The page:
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the fury of patton and omar bradley and various other people who wanted to be five-star generals at the time but weren't. he then thought that monty got too big for his boots, which monty most definitely had. he then friended monty in the -- sorry, in the postwar period. and then, to a great degree when monty, i think monty went round to -- [inaudible] had lunch 78 times in the course of the postwar premiership. and then he fell out with monty again. so they were like -- as he said of his relationship, they were hike too old birds pecking each other. but they ultimately, of course, there was a great deal of respect and admiration. was there a first part of the question? i've forgotten, sorry. >> [inaudible] >> yes, no.
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well, of course, he -- like everybody else, churchill liked ike. but he actually wanted ad lie stephenson to win the 1952 election. and he was, he was nerve wracked because he thought that eisenhower wasn't going to pursue the policy of, basically, policy of nuclear appeasement that he wanted to pursue towards the russians after the russians exploded their nuclear bomb in april 1949. at that point the great i'm-communist, anti-soviet winston churchill who, of course, had been pro-soviet during the war and anti-soviet in 1946 at the time of the iron curtain speech, then went pro again because he saw that british interests were not best serve by having a heavily nuclearized soviet union. he thought that eisenhower would not address that whereas the democrats might. >> yes, sir.
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we have a microphone. right here. >> thank you also for coming here. it's been a real treat. and having read your book on halifax many, many years ago, i can't wait to read your book on churchill. you probably get this question a lot since "the darkest hour" came out and the movie and now being an expert, obviously, on both the leading characters in that, what is your take on the movie? do you think that the artistic license that they took was necessary to get the story out to a wider audience? i'm just curious as your thoughts. >> thank you very much for reading my first book, "the holy fox." i wrote it 30 years ago. since then, i've written five other books with churchill in the title or subtitle. i really feel i was working with
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destiny and that all my past life has been a preparation for this hour and this trial. [laughter] and the, i loved the film. i thought it was great. i loved, i love gary oldman's prosthetics, the sort of glint in the eye and the chortle. i thought he caught churchilling absolutely brilliantly. and the problem i had with it was that it actually detracted from the true leadership that was shown by winston churchill in may 1940 over the issue of making peace with adolf hitler where he did not go down into the subway and treat, and ask a focus group of people -- [laughter] in his, what he wanted to do, what he should do. neither was he visited by the king in his bedroom at midnight at number 10 downing street. [laughter] that didn't happen either. and so as a result, you actually have a detraction from the extraordinary leadership that he did show.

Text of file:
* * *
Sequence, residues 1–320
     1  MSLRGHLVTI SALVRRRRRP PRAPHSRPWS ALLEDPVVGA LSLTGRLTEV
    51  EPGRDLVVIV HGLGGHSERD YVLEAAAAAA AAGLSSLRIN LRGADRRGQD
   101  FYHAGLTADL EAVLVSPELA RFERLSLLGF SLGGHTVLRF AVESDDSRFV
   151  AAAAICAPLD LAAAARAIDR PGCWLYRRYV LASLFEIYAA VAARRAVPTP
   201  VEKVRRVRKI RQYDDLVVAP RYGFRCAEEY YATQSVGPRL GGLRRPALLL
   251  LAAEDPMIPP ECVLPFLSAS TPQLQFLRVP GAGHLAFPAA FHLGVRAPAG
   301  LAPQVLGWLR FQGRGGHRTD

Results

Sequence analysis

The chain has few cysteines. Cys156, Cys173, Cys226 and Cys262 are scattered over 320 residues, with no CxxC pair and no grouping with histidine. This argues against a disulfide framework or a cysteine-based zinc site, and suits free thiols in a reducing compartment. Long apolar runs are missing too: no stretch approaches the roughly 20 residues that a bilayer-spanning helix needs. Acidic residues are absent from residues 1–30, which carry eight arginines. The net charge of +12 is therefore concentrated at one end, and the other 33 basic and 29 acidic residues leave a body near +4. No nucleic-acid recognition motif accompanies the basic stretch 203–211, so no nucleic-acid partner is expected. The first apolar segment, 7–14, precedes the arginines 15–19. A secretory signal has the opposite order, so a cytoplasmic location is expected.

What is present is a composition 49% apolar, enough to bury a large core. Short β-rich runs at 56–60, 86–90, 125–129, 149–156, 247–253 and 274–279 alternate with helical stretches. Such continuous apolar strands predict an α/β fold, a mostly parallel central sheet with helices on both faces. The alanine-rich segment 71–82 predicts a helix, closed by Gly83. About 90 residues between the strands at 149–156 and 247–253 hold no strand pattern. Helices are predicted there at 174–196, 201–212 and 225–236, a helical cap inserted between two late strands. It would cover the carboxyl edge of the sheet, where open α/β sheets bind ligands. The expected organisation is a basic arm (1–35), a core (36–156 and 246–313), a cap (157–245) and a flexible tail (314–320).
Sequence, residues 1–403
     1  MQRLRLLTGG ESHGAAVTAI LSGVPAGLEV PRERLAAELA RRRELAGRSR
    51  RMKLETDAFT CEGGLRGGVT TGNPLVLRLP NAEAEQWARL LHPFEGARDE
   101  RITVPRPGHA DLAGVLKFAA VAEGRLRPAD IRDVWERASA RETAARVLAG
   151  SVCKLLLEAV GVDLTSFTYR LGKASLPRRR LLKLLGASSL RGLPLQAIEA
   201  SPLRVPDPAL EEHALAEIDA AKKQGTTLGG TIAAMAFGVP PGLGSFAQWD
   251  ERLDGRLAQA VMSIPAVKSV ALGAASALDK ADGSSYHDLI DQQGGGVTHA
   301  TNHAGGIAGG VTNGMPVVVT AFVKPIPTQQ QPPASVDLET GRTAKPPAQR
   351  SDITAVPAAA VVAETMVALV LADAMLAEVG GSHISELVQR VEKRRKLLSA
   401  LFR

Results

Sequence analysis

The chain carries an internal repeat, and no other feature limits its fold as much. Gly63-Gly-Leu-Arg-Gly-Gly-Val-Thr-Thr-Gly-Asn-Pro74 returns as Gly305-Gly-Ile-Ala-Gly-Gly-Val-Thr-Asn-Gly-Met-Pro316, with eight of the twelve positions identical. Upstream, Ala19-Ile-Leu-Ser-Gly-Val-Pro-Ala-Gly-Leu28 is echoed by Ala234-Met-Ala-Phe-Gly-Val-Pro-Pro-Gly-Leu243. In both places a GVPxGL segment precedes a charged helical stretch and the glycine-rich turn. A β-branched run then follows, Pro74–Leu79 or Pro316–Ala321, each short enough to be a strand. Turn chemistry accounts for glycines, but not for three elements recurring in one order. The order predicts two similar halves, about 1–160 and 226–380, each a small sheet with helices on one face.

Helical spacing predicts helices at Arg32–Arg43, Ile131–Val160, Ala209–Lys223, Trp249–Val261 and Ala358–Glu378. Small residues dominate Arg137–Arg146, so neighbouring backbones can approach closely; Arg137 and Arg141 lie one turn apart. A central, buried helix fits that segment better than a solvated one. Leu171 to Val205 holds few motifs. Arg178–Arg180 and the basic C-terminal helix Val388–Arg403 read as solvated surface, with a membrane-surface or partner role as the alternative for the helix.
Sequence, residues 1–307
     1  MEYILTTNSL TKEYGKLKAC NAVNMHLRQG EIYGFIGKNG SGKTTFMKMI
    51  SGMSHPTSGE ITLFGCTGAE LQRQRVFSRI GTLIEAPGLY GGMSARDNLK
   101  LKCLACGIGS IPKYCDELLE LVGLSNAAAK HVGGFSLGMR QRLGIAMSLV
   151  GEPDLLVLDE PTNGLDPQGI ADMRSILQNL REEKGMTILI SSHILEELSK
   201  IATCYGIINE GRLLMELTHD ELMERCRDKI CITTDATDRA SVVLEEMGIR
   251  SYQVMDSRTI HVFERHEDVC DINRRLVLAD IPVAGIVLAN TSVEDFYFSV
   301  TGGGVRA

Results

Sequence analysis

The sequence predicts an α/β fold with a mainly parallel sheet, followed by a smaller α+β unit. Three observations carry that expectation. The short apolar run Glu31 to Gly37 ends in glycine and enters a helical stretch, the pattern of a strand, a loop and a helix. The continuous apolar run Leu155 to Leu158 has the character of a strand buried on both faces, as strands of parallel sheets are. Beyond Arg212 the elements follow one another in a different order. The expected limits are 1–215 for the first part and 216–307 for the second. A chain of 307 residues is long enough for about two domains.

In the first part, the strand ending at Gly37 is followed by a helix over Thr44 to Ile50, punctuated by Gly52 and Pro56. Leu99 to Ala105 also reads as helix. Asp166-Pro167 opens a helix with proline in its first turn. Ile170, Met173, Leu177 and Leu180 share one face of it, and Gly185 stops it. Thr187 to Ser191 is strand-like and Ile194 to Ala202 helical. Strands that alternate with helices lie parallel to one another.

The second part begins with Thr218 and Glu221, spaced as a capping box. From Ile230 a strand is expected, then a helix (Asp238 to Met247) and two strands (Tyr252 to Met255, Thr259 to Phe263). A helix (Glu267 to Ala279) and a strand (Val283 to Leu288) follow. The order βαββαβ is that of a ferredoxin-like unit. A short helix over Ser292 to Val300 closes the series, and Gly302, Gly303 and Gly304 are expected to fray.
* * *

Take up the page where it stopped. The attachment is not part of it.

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he decided that he was going to outmaneuver lord halifax. he didn't go to mp, he went to the wider cabinet. he put forward -- well, it's all in chapter 21 of my book. [laughter] it was a campaign to insure especially, of course, once we'd got 250,000 troops back from dunkirk by the 28th of may. these peace negotiations were never going to go anywhere. and it absolutely -- it's one of those pivotal moments in history that if they had, if halifax had been prime minister -- neville chamberlain continued as prime minister and had supported halifax -- we could have gone down a very, very danger path if we'd made peace with hitler then. because he would have been able to instead of using 50, 70% of the luftwaffe on the 22nd of june, 1941, he'd have been able to use it all. and when you think in the north
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he got to subject leningrad to a grueling 1,000-day siege, and in the center he got to the subway stations of moscow, and in the south he actually captured stalingrad, what he'd been able to do if he'd had twice as many planes is terrifying to consider especially without america being in the war at the time. >> right back there. see a hand there. this young fella. yes. >> i was wondering if you could talk about churchill's role in the attack on the french at -- [inaudible] >> very good question. yes. it was something that almost broke his heart. he was a francophile to the end. he loved them, loved france, always had done. but when it became clear that the -- actually, nothing was terribly clear. [speaking french] nothing was terribly clear